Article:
Proposed religious freedom bill defended by Virginia GOP House and Senate members
GOP House and Senate members gathered at the Capitol today to support several proposed bills which aim to protect religious freedoms in the Commonwealth.
Leading the handful of bills is Del. Todd Gilbert’s (R-15) Government Nondiscrimination Act (GNDA) which aims to prevent “the Commonwealth and local governments from discriminating against an individual or entities which affirm marriage is between a man and a woman, or that sexual relationships should take place in such a marriage, or that a persons biological sex is unchangeable,” according to Caleb Dalton, a lawyer with Alliance Defending Freedom (ADF).
GNDA would prohibit the government from denying grants, contracts, or other opportunities to organizations with such beliefs. ADF helped craft the wording of the bill.
“GNDA does not create a licenses to discriminate,” Dalton said. “What it does is simply protect individuals from being discriminated against by the Commonwealth or local government bureaucrats who are being forced to violate their sincerely held religious or moral beliefs around marriage and sexuality.”
Victoria Cobb, President of the Richmond-based conservative group The Family Foundation, compared it to a law currently in the Virginia Code which allows state funded adoption agencies to deny adoptions to same-sex couples if the relationship violates their “conscious.”
“Now that same-sex unions have been forced on our country will there be tolerance for those whose faith teachers marriages is between one man and one woman?” she asked.
Gilbert has his own history with non-discrimination laws at the General Assembly. In 2013 he was the chair of the committee which killed a bill which would have protected LGBT state employees.
When asked today if there were any examples of discrimination agianst religious people or groups in Virginia which would require this bill he failed to provide an example.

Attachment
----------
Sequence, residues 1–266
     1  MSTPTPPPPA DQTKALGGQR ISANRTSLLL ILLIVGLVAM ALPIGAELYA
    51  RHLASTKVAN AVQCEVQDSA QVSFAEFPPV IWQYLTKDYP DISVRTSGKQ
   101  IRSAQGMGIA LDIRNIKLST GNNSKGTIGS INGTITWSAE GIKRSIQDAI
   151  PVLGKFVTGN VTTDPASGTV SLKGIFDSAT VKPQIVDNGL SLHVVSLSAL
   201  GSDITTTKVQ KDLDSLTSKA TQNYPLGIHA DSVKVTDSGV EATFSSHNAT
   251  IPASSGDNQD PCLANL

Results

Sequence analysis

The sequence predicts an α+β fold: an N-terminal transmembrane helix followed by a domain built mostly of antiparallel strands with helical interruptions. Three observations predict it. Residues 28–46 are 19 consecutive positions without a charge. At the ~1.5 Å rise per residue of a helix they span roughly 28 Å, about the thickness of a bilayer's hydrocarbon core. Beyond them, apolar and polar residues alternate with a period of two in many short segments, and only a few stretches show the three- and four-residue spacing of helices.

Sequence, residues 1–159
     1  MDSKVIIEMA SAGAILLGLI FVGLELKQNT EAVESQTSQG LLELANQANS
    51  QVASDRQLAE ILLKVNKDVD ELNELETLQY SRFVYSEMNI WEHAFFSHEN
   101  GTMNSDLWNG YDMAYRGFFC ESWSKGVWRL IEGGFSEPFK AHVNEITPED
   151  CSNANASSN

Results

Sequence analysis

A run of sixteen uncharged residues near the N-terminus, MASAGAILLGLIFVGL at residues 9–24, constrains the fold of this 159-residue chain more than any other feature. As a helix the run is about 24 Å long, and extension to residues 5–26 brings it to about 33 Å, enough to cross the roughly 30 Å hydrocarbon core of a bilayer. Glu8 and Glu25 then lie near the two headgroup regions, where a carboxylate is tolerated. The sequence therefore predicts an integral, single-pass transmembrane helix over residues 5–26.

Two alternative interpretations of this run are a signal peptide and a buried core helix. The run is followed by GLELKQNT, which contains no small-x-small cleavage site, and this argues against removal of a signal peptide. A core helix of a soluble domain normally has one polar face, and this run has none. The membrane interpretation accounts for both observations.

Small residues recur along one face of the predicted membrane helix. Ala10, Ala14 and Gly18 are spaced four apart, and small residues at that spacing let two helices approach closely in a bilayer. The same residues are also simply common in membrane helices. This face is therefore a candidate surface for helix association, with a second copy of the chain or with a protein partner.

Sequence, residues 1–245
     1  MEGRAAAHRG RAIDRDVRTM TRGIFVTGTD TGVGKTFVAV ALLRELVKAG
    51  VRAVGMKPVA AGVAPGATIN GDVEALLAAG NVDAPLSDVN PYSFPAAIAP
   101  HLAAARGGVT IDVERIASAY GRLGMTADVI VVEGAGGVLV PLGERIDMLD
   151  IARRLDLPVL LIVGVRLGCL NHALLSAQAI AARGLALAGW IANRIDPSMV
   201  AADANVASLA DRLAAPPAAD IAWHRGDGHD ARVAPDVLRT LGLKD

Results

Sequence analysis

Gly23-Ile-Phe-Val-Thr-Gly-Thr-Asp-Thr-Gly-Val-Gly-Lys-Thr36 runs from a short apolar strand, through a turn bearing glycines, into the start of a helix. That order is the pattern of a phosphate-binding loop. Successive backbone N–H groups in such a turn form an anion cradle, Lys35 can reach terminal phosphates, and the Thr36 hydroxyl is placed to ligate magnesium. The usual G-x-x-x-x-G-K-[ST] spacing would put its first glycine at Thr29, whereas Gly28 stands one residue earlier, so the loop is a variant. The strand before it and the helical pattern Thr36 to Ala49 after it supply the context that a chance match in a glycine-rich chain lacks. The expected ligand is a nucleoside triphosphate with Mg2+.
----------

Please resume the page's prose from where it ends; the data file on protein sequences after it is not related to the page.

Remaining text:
“Look around the country and there are many examples of government acting in such a way that their trying to force a belief system on people of faith or otherwise punish them for their faith,” Gilbert said. “We don’t have such an infrastructure here in Virginia, thankfully cause of the work of that committee [killing LGBTQ protections for state employees], trying to establish hate same type of human rights commissions that are now trying to punish them…. running them out of business, running them out of the public square…. we’re being proactive here.”
Religious freedom bills have popped up around the country for the last few years and are often considered discriminatory against LGBTQ’s by advocates like Claire Guthrie Gastanaga from the Virginia ACLU.
“[Gilbert's] bill is not a non discrimination bill, it’s a pro discrimination bill,” she said. Gastanaga said she believes, if it were to pass, GNDA would establish a state religion in the Commonwealth.
“It’s discrimination in favor of people who have two belief systems… It says if you don’t believe in same-sex marriage or people are transgender then you have special protections,” she said. “In my mind, that’s an establishment of religious belief in in the state statute.”
Proposed religious freedom bills in states like Indiana and Arizona lead to negative public feedback as well as promised boycotts by businesses and national sports teams alike.
Governor McAuliffe has promised to veto Gilbert’s bill, saying in a statement “we need to be working to make Virginia more open and welcoming to everyone, not less.”
Top Image: Del. Gilbert defends GNDA, Victoria Cobb of the Family Foundation at left
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